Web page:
Texas A&M University - Corpus Christi

Dr. Laura Muñoz

An Outstanding Islander

Outline photo of Dr. Laura Muñoz

Recovering the Latino Past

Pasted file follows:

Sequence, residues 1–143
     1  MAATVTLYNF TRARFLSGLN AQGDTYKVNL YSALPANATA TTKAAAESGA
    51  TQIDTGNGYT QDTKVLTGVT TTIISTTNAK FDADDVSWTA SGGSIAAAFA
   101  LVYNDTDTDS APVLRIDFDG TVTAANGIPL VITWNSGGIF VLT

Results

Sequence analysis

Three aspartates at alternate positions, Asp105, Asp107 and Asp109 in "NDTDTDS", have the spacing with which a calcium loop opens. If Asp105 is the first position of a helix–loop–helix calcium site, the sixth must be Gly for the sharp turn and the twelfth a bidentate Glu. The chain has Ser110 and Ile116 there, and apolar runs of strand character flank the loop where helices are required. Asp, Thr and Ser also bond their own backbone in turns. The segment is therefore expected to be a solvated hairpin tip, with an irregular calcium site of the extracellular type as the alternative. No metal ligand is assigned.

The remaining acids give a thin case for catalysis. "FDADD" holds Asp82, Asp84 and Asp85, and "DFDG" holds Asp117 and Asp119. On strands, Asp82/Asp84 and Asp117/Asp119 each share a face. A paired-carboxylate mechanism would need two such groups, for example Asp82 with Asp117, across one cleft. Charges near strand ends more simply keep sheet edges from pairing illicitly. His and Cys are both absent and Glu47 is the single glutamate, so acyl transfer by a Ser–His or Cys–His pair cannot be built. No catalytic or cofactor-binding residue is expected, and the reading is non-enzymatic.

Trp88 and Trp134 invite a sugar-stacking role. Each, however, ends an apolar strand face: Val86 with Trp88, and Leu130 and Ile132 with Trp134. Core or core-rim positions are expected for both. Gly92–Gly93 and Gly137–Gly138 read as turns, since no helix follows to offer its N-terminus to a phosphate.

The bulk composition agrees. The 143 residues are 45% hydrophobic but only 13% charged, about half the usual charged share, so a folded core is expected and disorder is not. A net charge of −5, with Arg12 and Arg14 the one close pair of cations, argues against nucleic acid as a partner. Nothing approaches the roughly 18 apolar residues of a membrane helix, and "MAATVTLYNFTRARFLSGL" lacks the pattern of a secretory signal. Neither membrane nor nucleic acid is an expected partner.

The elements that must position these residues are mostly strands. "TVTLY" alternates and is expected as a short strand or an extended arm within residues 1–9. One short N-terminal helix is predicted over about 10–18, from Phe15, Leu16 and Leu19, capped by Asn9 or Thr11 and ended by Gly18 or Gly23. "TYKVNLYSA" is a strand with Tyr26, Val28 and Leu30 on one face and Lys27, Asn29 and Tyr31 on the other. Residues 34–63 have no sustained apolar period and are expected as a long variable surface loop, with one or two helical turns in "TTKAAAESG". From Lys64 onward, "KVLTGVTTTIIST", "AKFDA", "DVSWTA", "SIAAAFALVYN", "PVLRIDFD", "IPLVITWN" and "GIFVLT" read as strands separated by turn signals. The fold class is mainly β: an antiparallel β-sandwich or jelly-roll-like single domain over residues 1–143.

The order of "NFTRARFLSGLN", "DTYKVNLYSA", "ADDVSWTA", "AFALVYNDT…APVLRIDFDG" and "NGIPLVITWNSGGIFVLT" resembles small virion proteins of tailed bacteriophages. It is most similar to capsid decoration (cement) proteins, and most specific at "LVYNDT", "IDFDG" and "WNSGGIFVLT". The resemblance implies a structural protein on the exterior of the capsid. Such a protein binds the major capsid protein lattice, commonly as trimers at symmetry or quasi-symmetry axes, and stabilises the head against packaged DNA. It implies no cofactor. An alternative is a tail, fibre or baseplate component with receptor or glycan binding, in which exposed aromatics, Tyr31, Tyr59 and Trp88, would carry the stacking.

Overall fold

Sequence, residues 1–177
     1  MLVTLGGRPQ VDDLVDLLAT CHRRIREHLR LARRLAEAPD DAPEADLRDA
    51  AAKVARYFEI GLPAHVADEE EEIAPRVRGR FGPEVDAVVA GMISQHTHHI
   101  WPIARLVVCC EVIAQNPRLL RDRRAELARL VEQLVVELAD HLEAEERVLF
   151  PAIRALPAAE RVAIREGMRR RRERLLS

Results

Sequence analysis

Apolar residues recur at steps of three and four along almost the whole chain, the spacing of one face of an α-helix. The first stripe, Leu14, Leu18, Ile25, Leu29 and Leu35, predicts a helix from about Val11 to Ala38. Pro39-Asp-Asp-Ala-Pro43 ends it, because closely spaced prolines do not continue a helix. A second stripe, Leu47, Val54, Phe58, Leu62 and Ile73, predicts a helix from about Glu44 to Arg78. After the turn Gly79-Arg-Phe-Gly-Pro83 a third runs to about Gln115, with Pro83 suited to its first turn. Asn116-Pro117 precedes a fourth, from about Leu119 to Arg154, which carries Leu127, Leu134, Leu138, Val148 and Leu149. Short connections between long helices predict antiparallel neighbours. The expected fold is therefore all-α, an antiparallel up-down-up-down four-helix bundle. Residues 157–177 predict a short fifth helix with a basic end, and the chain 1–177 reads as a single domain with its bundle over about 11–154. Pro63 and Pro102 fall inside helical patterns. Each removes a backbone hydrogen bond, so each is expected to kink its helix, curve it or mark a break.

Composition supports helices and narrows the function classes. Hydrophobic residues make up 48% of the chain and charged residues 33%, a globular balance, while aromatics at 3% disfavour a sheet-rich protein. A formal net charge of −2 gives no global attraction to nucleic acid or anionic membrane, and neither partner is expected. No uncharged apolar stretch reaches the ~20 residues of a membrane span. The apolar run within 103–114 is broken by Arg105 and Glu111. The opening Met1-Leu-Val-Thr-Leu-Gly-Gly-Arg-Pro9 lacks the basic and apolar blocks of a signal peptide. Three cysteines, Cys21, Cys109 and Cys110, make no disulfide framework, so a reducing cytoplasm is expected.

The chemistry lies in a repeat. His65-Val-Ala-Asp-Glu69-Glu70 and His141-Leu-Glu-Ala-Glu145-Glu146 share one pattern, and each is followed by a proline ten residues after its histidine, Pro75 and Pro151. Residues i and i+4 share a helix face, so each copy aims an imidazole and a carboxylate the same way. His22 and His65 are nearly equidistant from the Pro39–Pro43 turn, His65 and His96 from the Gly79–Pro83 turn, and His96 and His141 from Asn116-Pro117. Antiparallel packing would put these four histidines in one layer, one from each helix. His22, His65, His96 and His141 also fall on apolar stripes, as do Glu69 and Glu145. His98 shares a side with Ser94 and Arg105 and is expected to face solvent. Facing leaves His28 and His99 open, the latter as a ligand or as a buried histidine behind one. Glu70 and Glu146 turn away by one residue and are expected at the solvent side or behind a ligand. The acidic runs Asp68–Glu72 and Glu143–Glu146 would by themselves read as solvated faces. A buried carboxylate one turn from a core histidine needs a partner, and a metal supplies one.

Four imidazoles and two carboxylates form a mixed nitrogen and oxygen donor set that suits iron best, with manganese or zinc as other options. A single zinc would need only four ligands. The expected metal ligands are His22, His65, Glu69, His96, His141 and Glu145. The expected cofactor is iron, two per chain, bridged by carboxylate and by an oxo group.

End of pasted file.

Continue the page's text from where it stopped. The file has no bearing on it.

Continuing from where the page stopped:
For Dr. Laura Muñoz, recovering the Latino past is the motivating factor in her historical work. Muñoz attended five public elementary schools as a result of the court-ordered desegregation plan that emerged from the federal lawsuit Cisneros v. Corpus Christi Independent School District (1970). This legacy drives her passion for educational history and reform, and she is especially interested in the history of Mexican-American schoolteachers and their work in the public schools. An assistant professor of history who teaches women’s and Chicana/o history, Muñoz is one of only 20 researchers from across the nation to be awarded the 2011-2012 National Academy of Education/Spencer Postdoctoral Fellowship to complete her research manuscript, “Educated Citizens: Mexican Americans and the Making of Arizona, 1870-1940.” In 2010, she received the Teaching Excellence Award from The Texas A&M University System. That same year, she served on the high school curriculum review committee that revised the Texas Social Studies Standards. Muñoz started several campus programs including the “Latinas and College: Our First Year Experiences,” a symposium through the Women’s Center for Education and Service; “The Ancient Mediterranean: Exploring Cultures, Traditions, and Empires” week-long lecture series sponsored by the College of Liberal Arts’ Historical Forum Endowment; and the “Texas Women Speaking” history lecture and poster session. For “Texas Women Speaking,” her students interview women in the region, transcribe their interviews and create posters to tell the history of their lives. To date, Muñoz has donated 36 audio files and transcripts to the Special Collections & Archives Department. She serves as a mentor for University McNair Scholars Program and is a past sponsor of Hispanics for the Advancement of Community and Educational Readiness (HACER). She was honored with the International Students Association’s 2010 Educator of the Year Award. Munoz, who came to the Island University in fall 2006, obtained her Ph.D. from Arizona State University in 2007, where her dissertation, titled “Desert Dreams: Mexican American Education in Arizona, 1870-1930,” won the 2007 Claude A. Eggertsen Prize from the History of Education Society.

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